Long and trusting relationships can also be key. For our joint health client, we have worked with the same respected rheumatologist for eight years. We have always respected his independence and value his ability to communicate important health messages in a professional and unbiased way. Feedback from the many media events he has hosted is usually 100 percent positive with his quotes appearing in over 60 percent of all coverage.
Well organised advisory boards are also extremely valuable. Outcomes of a recent ad board convened by our agency and attended by the UK’s leading joint health experts has helped drive recommendation for an OTC supplement with primary and secondary professionals, patient organisations and industry bodies.
Building a Billion Dollar Brand
Using these techniques, GSK has transformed Sensodyne toothpaste from a small, niche product to a $1bn brand. Crucially, it recognised the unmet need for a tooth sensitivity pain treatment and successfully engaged dentists as educators and recommenders.
Through an HCP education programme which highlighted the extent of tooth sensitivity pain, and by ‘bringing dentists out of the surgery’ to participate in advertising and other marketing communications, Sensodyne has cemented its core values of expertise and authority.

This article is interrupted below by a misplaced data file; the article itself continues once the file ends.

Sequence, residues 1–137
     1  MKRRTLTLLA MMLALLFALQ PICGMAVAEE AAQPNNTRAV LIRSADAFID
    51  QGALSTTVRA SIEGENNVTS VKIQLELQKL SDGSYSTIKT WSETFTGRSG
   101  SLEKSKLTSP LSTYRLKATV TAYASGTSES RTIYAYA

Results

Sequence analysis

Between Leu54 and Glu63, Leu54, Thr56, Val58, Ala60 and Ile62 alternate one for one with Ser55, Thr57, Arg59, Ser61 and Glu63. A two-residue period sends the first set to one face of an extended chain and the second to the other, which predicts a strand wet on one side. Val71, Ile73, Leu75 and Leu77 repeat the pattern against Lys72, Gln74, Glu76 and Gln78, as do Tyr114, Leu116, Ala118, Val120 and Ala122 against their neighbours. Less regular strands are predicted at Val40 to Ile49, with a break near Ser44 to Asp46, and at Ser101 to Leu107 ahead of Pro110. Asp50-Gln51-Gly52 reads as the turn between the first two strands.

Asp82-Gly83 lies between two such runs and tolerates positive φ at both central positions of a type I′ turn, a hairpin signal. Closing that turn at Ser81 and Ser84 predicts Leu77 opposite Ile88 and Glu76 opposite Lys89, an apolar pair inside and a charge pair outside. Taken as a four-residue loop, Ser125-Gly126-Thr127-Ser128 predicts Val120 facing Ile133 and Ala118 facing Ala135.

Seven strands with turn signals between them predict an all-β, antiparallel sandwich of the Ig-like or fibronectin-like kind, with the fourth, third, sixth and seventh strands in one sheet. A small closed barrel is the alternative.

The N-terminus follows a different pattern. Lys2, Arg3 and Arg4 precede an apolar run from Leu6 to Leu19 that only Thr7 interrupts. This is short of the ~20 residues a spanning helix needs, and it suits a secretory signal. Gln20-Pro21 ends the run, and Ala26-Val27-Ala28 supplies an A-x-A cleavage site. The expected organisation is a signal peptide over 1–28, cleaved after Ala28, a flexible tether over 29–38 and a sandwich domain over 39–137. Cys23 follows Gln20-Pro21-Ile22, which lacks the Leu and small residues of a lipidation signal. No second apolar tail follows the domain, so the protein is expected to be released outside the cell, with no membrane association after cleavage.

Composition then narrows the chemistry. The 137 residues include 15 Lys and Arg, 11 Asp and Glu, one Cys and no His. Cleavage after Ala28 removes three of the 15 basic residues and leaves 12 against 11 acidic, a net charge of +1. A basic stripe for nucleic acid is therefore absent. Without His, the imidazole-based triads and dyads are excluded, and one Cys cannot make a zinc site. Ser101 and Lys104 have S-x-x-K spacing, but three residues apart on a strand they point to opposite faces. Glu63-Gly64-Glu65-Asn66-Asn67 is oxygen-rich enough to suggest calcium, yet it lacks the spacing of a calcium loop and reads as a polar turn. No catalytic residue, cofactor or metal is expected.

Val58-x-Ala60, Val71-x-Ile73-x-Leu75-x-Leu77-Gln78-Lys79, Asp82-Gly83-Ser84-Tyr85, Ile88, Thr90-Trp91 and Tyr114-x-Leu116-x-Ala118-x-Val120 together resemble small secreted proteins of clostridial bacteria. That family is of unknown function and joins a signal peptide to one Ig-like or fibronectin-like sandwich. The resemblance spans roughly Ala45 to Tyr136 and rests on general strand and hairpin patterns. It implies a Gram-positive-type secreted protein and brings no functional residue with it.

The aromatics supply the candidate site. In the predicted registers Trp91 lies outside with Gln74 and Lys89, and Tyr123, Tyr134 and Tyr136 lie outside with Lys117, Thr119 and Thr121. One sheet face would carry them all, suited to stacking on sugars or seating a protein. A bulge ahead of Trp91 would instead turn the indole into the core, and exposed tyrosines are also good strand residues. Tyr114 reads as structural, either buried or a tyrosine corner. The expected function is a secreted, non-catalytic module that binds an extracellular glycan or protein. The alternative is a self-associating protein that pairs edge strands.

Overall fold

It is now the #1 dentist-recommended sensitivity toothpaste in many markets and sustains a price premium versus competitors such as Colgate in the sensitivity category.
Today’s communication landscape is unrecognisable from that of 20 years ago, so don’t fall in to the trap of putting HCPs in the marketing box labelled science, efficacy and education. Do push the boundaries utilising HCPs across your consumer campaigns, consumer stories across your HCP campaigns and utilising innovation and synergy across both.
Making the Most of HCPs
Jo Spink offers five tips on getting the most from your HCP communications
Be selective in your choice of expert. Those who are up-and-coming and charismatic are often more accommodating, engaging and credible than the most well-known KOLs.
Biogen handles this well with their 1MSg Multiple Sclerosis campaign, using the well-known UK TV doctor, Dr Christian Jessen to speak to consumers, and highly respected consultants for HCP communications, such as Dr Martin Duddy, Clinical Director and Consultant Neurologist at Newcastle Hospitals NHS Trust.